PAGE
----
Sensorial properties of fermented foods are largely determined by micro-organisms, which makes identification of the microbial communities and their diversity crucial to understand how flavour and taste of these products come about. Aroma compounds are a key component of these sensorial properties [2, 4]. These aroma compounds consist of many volatile and non-volatile compounds, which possess diverse chemical and physicochemical properties. They include alcohols, aldehydes, esters, di-carbonyls, short to medium-chain free fatty acids, methyl ketones, lactones, phenolic and sulphur compounds. The non-volatile compounds largely contribute to the taste, whilst volatile compounds influence both the taste and flavour [8–10]. Especially the presence of diacetyl, acetic acid and butyric acid makes fermented beverages appetizing to a large group of consumers .
Most African traditional fermented beverages are widely consumed and embedded in the local culture . They are mostly produced at household level. Details on processing practices and/or fermenting microbes are largely unreported, although some have been documented [4, 7, 11–13]. As a result, little is known about the composition and diversity of micro-organisms that drive the fermentation process. Lack of this information impedes formal and up scaled development of these products, resulting in, amongst others, a rapidly increasing number of mostly urban consumers who do not have access to the traditional products that are part of their cultural heritage. Rapid urbanisation leads to an increasing urgency to take the production of traditional and culturally embedded foods to the next level.
This is also true for Munkoyo, a traditional cereal-based fermented beverage from Zambia and the Democratic Republic of Congo [14, 15]. Previous work has described the general features of processing and has found that various groups of LAB such as Lactobacillus plantarum, Weissella confusa, Lactococcus lactis and Enterococcus italicus are present in the final product . These microbes likely drive the fermentation and hence determine the type of final product and its properties. The first aim of this paper is to survey the current state-of-the-art in the production of Munkoyo from different regions in Zambia and to establish the main reasons for consumption. The second aim is to measure physiochemical properties and to profile Munkoyo samples for their bacterial community composition, as linked to sampling location, variations in processing practices and consumption preferences. The third aim is to identify the aroma compounds of the beverage that provide the unique sensory attributes to Munkoyo. Knowledge about microbial communities and their processing practices is essential to be able to standardize production of the beverage and advances the understanding of the factors that drive the species composition of fermenting microbes. A standardized production process will benefit from the use of defined mixes of micro-organisms (i.e. starter cultures), which facilitate controlled production of fermented foods to optimally meet the sensory quality characteristics desired by consumers .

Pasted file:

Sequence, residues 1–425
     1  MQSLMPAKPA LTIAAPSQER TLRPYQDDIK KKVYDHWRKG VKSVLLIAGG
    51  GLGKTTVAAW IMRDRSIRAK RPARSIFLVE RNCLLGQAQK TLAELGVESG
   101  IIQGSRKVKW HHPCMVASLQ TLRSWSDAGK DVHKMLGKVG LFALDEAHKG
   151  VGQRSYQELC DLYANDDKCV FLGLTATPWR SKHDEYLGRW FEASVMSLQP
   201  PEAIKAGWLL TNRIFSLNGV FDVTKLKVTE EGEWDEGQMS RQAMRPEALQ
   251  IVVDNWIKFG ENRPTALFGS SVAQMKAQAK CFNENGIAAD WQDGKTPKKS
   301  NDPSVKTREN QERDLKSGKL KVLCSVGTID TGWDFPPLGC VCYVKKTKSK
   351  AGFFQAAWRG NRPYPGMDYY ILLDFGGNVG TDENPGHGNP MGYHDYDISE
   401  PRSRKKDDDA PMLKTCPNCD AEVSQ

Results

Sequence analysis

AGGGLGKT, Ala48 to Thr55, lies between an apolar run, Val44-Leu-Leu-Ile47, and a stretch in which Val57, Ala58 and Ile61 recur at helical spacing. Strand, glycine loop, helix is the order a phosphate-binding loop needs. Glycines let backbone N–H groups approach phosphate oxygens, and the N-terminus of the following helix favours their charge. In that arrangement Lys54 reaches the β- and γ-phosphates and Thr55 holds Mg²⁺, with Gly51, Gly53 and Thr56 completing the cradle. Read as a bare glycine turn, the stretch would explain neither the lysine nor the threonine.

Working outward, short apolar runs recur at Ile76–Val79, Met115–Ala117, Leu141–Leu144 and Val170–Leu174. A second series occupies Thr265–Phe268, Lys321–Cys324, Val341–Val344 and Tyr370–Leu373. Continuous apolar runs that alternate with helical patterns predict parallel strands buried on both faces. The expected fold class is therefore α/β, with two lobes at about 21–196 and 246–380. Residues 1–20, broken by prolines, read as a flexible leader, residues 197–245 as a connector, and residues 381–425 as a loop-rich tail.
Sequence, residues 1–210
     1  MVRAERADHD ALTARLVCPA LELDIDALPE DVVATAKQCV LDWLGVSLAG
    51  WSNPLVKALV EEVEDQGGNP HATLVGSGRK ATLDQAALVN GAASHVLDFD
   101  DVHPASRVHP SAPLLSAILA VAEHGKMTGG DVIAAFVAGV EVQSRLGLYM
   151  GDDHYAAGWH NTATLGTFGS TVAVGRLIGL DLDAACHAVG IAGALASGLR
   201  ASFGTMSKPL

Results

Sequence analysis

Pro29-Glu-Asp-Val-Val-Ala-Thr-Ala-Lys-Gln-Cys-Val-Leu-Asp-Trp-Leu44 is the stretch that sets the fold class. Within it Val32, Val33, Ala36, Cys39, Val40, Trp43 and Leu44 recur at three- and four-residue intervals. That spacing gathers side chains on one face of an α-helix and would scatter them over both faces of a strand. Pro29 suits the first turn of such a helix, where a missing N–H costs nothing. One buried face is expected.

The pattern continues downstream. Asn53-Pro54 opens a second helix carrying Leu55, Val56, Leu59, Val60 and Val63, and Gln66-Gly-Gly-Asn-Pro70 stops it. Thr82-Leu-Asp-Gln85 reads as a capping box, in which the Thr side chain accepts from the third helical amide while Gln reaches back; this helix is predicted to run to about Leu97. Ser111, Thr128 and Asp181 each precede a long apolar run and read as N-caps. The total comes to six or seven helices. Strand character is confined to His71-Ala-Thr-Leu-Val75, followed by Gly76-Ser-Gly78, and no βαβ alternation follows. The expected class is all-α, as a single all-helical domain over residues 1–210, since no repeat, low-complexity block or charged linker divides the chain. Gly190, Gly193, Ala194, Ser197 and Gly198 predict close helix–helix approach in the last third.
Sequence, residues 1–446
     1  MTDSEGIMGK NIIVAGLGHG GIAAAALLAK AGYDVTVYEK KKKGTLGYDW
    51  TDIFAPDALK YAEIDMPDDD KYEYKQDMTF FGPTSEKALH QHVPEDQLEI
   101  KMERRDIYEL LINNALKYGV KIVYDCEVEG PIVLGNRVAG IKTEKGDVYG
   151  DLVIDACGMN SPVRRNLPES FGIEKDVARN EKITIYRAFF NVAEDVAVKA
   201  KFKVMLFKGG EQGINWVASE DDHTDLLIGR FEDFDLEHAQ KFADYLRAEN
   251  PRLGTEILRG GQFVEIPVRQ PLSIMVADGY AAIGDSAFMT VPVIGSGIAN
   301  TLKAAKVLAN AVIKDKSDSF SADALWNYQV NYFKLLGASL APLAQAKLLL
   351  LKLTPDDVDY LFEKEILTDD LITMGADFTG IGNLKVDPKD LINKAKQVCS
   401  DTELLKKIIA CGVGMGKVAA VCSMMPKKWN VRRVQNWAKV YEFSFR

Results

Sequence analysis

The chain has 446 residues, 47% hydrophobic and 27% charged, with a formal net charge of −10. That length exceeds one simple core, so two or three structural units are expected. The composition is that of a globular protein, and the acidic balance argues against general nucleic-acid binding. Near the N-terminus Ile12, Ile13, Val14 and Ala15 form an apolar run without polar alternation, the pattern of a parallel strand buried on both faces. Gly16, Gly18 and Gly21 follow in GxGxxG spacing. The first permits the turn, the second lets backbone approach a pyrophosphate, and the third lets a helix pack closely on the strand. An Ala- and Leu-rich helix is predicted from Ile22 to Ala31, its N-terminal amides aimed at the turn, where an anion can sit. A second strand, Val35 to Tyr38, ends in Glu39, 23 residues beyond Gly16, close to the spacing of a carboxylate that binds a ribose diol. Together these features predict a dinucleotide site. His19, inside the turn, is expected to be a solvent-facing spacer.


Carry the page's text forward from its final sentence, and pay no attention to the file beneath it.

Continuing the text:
Materials and methods
Questionnaires on traditional processing practices
A questionnaire was designed (S1 Questionnaire) to assess prevailing processing procedures as well as consumption preferences and patterns of Munkoyo. Questionnaires were administered to consumers and processors of Munkoyo at 4 locations in Zambia: Mumbwa, Chibombo, Lusaka and Chongwe. All locations are in the same middle rainfall agro-ecological zone (II) (Fig 1). Respondents were selected by the ‘snowballing’ method, defined as a nonprobability sampling technique that cannot be statistically signified . Camp Agricultural Extension officers (CEOs) selected participants based on their willingness to participate in the research. A total of 172 participants aged between 19 and 60 years, comprising 62 males and 110 females, filled in the questionnaires, which included questions on raw materials, treatment steps, timing of these steps, type of fermentation vessel and the addition of other materials to facilitate fermentation, such as roots from a special plant called Rhynchosia. Questions on consumption patterns and/or use of Munkoyo focussed on consumed quantities, who mostly consumed it, at what occasions and main motivation for consumption. Ethical clearance for this work was granted by the Directorate for Research and Graduate Studies, University of Zambia, dated 31 January 2017.
Physical properties and analysis of the microbial species